• The Emmaus pair returned to Jerusalem and found “the Eleven and those with them,” who said, essentially, “What the women said was true!” (Luke 24:33-34)
  • Jesus suddenly appeared to this same group. (Luke 24:36) He explained the scriptures about himself and told them, “The Messiah will suffer and rise from the dead on the third day, and repentance for the forgiveness of sins will be preached in his name to all nations, beginning at Jerusalem.” He reminded them that they were “witnesses of these things.” (Luke 24:38-48)
  • Jesus told them he would send what his Father had promised and that they should stay in Jerusalem until they had “been clothed with power from on high.” (Luke 24:38-49)
  • After he ascended, they (still the same group) returned to Jerusalem, and “they stayed continually at the temple, praising God.” (Luke 24:50-53)
  • In Jerusalem the Eleven joined “together constantly in prayer,along with the women and Mary the mother of Jesus, and with his brothers” (Acts 1:14).
  • On the day of Pentecost “all of them” were filled with the Holy Spirit (Acts 1:1). As part of his sermon Peter reminded the audience that what they were currently experiencing was prophesied in Joel:

(Read More)

Matthew Is Not Mark Is Not Luke Is Not John – For A Reason

July 15, 2015
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Four gospelsI once attended a church where the minister was known for his practice of reading all the way through the Bible every month. His discipline for being so “in the Word” is admirable. Yet, possibly influenced by this practice, his public teaching seemed to reflect a perspective of the Bible as one long book written all at once by a single author. He rarely mentioned the characteristics of a specific genre included within the Bible collection (like prophecy or poetry) or individual styles and word choices peculiar to different authors or key themes distinctive of each of the Bible’s 66 works of literature.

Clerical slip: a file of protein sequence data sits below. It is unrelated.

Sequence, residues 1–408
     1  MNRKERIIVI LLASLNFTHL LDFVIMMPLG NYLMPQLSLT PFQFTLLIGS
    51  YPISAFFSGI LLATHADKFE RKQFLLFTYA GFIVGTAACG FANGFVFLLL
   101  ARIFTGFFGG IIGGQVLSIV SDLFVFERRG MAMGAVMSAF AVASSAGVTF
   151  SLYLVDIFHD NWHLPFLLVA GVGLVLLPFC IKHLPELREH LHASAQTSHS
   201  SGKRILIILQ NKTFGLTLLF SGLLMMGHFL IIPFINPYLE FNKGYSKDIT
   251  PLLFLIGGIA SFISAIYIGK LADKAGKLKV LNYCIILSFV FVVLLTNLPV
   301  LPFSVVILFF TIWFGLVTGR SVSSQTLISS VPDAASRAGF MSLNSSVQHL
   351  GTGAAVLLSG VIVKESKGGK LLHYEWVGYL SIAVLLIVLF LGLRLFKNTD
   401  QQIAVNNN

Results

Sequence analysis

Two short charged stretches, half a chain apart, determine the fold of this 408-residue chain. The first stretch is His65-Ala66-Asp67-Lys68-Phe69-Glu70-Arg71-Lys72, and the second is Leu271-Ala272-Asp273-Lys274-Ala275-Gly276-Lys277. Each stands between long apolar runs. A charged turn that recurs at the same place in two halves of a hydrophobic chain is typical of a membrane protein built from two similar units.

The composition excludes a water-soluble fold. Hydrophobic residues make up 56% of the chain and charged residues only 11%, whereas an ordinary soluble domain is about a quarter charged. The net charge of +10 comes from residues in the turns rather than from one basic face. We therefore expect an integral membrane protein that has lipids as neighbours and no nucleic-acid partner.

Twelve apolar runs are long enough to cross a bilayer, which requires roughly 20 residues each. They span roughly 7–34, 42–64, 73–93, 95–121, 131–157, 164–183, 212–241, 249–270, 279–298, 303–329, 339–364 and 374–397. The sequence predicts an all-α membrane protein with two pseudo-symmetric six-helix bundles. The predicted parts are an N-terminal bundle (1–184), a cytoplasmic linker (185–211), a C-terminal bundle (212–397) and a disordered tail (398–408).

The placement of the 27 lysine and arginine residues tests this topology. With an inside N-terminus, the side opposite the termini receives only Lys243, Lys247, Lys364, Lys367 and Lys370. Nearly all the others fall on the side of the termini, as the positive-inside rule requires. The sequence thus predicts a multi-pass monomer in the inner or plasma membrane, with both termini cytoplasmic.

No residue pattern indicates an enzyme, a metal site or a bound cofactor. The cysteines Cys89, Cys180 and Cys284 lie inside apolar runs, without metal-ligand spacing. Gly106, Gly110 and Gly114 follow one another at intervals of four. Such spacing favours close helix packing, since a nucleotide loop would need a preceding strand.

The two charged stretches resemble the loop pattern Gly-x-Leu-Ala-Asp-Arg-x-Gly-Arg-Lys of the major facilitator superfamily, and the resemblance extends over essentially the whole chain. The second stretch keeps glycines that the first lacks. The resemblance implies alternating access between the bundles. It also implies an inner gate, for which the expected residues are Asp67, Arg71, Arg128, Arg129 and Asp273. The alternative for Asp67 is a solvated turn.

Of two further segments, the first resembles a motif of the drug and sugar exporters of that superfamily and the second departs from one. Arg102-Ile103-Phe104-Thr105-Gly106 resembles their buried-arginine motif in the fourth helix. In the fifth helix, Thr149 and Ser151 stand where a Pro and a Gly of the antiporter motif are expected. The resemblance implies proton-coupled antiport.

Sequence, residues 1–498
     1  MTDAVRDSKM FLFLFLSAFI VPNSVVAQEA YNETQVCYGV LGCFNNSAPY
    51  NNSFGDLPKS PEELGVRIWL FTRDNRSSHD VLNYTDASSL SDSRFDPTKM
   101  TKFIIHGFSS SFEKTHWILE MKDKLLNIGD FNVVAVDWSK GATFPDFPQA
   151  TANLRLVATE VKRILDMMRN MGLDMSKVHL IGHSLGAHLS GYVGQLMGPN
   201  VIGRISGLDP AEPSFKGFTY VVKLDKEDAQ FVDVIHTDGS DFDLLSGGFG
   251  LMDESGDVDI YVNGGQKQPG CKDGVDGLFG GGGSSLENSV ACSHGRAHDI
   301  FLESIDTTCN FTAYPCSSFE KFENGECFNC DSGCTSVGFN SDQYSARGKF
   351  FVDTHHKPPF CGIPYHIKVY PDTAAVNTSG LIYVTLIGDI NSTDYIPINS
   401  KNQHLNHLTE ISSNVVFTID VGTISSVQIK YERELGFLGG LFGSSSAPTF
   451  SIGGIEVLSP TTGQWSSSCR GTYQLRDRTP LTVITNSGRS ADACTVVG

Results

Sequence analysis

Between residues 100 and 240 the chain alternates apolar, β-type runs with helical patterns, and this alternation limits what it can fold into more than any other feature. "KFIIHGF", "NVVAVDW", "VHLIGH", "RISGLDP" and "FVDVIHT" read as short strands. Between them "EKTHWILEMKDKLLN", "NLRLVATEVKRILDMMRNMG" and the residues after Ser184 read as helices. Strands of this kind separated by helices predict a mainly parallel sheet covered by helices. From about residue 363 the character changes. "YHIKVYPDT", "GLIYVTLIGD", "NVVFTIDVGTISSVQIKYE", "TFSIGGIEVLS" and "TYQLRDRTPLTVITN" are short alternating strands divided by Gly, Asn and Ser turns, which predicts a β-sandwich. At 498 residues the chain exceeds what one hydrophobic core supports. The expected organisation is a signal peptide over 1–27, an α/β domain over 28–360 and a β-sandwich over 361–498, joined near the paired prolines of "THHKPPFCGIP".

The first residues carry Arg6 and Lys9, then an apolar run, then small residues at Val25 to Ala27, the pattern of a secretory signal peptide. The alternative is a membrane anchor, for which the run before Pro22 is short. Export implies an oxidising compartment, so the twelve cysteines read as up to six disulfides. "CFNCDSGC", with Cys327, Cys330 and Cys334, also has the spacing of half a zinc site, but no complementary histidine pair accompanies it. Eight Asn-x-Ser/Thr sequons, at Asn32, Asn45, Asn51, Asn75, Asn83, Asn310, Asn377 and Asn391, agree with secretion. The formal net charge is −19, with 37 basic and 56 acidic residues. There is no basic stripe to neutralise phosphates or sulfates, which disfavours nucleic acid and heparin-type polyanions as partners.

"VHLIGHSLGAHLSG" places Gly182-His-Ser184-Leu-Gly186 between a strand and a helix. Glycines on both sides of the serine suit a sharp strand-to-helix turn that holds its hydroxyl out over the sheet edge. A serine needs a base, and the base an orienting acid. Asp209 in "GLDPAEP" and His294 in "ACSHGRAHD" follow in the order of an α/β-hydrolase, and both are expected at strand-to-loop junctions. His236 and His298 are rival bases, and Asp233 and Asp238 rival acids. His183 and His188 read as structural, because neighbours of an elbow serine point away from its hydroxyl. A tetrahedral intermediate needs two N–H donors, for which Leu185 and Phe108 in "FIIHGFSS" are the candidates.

Don’t get me wrong, he is a man of great faith in God, and his life reflects the character of Jesus in many ways. He missed a great deal of the richness of biblical literature reading it this way, however, and likely sometimes misconstrued some of its teachings.

Each book of the Bible should be understood as part of the larger collection of spiritual works, but only after we understand it as an independent work of sacred literature. Sometimes we get this intuitively with other Bible books, but because the Gospels all report the life and ministry of Jesus, we might find it easier to ignore their individuality. In books like The Daily Bible and in pulpits every Sunday all over the world, well-meaning Christians harmonize all the Gospel narratives and teachings, as if scripture contained one consistent version of events regarding Jesus.

Many of us are more comfortable with this treatment of the Gospels than we are in acknowledging the conflicting versions of the crucifixion story and the ways identical teachings are placed in different contexts across the Gospels. Sometimes, I’ve seen people scratch their heads about these conflicts and suggest, “Maybe it’s like different witnesses today all describing the same car accident. They all tell what they saw from different angles.”

This post appeared as a guest contribution to the Women, Leadership, and the Bible blog. Keep reading.

To learn more, download a free bonus report, “Interpreting the Gospels.”

Women, Leadership and the Bible

July 8, 2015
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Natalie EastmanI first met Natalie R. Wilson Eastman on her wedding day, when she was marrying David, a good friend I went to church with when we both lived in Corvallis, Oregon. Over the years since then, God and writing have been the intersections that have connected the streams of our busy lives.

I have a great deal of respect for the Natalie’s enthusiasm for serious Bible study, her belief that women can and should engage in it, and the incredible amount of work she put into her new book, Women, Leadership, and the Bible: How Do I Know What to Believe?

I decided this was the perfect time to tell you about her book after we had explored the presence of women among Jesus’ disciples. I see plenty of evidence that Jesus expected women to use their intellect. He was happy to teach them and was interested in conversing with them about what they believed (see, Luke 10, John 4 and John 11). (Read More)

Jesus and His Traveling Disciplettes

June 6, 2015
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crosses reflected in an eyeThanks to a book I read recently, I finally understand why I was so surprised when I first discovered that Jesus and his band of followers was not a boys-only club.